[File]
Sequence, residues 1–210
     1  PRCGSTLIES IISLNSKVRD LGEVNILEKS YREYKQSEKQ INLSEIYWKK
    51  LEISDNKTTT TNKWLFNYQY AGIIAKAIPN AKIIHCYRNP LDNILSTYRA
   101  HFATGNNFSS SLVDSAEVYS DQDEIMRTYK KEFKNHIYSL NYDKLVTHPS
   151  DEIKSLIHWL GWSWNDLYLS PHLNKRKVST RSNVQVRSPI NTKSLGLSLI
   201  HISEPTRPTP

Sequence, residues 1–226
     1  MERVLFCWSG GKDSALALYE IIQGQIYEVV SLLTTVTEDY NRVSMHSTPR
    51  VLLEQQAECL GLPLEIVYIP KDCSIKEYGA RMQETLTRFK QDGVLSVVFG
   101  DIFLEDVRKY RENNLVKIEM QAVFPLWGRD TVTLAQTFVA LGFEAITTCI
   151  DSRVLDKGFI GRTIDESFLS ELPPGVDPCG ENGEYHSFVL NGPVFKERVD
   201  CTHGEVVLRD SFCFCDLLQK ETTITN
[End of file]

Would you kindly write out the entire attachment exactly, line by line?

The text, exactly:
Sequence, residues 1–210
     1  PRCGSTLIES IISLNSKVRD LGEVNILEKS YREYKQSEKQ INLSEIYWKK
    51  LEISDNKTTT TNKWLFNYQY AGIIAKAIPN AKIIHCYRNP LDNILSTYRA
   101  HFATGNNFSS SLVDSAEVYS DQDEIMRTYK KEFKNHIYSL NYDKLVTHPS
   151  DEIKSLIHWL GWSWNDLYLS PHLNKRKVST RSNVQVRSPI NTKSLGLSLI
   201  HISEPTRPTP

Sequence, residues 1–226
     1  MERVLFCWSG GKDSALALYE IIQGQIYEVV SLLTTVTEDY NRVSMHSTPR
    51  VLLEQQAECL GLPLEIVYIP KDCSIKEYGA RMQETLTRFK QDGVLSVVFG
   101  DIFLEDVRKY RENNLVKIEM QAVFPLWGRD TVTLAQTFVA LGFEAITTCI
   151  DSRVLDKGFI GRTIDESFLS ELPPGVDPCG ENGEYHSFVL NGPVFKERVD
   201  CTHGEVVLRD SFCFCDLLQK ETTITN